Fourth-grade science students already know about the basic water, soil and sunlight needs of plants. Many students have also learned about other factors that affect plant growth, such as nutrients in fertilizer and what compost is. It can be difficult to hold students’ attention with seed experiments, since they must wait for seeds to grow. Start some different projects a day or two apart, or have groups of students work on different projects to help ease the wait.
What are Effects of Light on Seed Germination and Growth?
Collect three clear plastic food containers with clear lids, the type used at deli counters. Find two identical shoeboxes or other boxes with lids that are big enough to hold the clear containers. Color the insides of both boxes black, or cover the insides with black paper. Students will also need about 60 seeds. Large seeds like corn or beans are easiest to monitor and measure results. Other supplies needed are white paper, scissors, tape, paper towels, water and a measuring cup.
Cut three or four small holes in the sides of one of the boxes. Cover the holes by taping pieces of the white paper over them. This allows only indirect light to enter the box. The second box has no holes and will be lightproof. Place one folded paper towel in the bottom of each of the three clear containers. Pour exactly the same amount of water into each container so the paper towel is completely saturated and about 1/2 inch of water is above the paper towel. Count the same number of seeds for each container, and place them in a single layer on the wet paper towels in the containers. Put the lids on the containers, and put one container in each of the boxes. One container will not be in a box, and will be the control.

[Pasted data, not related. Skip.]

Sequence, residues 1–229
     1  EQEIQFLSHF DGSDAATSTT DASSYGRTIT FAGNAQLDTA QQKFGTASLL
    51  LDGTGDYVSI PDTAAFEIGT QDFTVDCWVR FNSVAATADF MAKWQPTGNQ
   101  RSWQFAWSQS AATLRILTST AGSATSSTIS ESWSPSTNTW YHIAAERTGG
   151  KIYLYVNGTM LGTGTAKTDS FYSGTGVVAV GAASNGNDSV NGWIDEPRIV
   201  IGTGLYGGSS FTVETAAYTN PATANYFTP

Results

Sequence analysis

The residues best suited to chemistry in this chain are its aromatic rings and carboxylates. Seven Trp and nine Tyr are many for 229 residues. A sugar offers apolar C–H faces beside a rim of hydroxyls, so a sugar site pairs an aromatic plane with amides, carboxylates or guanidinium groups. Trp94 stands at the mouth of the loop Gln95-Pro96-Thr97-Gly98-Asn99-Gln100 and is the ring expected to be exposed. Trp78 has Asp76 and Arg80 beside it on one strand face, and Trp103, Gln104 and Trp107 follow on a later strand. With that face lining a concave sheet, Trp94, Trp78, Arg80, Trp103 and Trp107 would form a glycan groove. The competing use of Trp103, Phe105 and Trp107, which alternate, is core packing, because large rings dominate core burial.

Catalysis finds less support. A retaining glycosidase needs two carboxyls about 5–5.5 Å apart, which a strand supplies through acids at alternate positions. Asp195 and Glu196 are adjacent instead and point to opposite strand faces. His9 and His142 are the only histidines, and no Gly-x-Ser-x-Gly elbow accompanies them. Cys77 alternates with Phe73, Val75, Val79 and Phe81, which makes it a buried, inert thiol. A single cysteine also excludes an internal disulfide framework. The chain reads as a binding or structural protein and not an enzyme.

Place the boxes and the container in a place where there is indirect light. Under a plant light is fine, as long as all three receive the same amount of light. Most students this age will come up with predictions as they watch the control seeds sprout and grow, so have them make a list of hypotheses from their ideas. Check the seeds in the boxes after five or six days. When the seeds in the boxes have germinated, students can measure the results by counting the seeds that sprouted, measuring the stem and root length, noting the color of leaves and writing any other differences they observe.
Will Seeds Grow with Liquids Other Than Water?
Let students choose seeds to grow, and have them select some liquids besides water to test on their seeds. Milk, juice and vinegar are good choices. Plain water is the control liquid. Provide four styrofoam cups and potting soil for each student or group. Have students label each cup with the liquid they will use with it. A ballpoint pen writes well on the cups. Students can then fill the cups with soil and plant identical seeds in each cup. Each cup should be “watered” with an equal amount of the appropriate liquid and placed where the cups receive equal light. Students can chart progress and draw conclusions from the results.
How Does Salt Affect Plants?
Materials needed are four identical plants, one cup each of table salt, road salt and water softener salt, four one-gallon jugs, plastic gloves, measuring cup and water. Students should measure one cup of each type of salt and place each salt in a jug, labeling the jugs. Fill all four jugs with water. Shake the salt jugs to dissolve the salt. One jug will be plain water, the control. Label each plant to match one of the jugs. Place the plants where they receive equal light. Use the matching jug to water each plant, measuring the same amount of water each time for each plant. Have students observe the plants daily and make notes for each plant on a chart.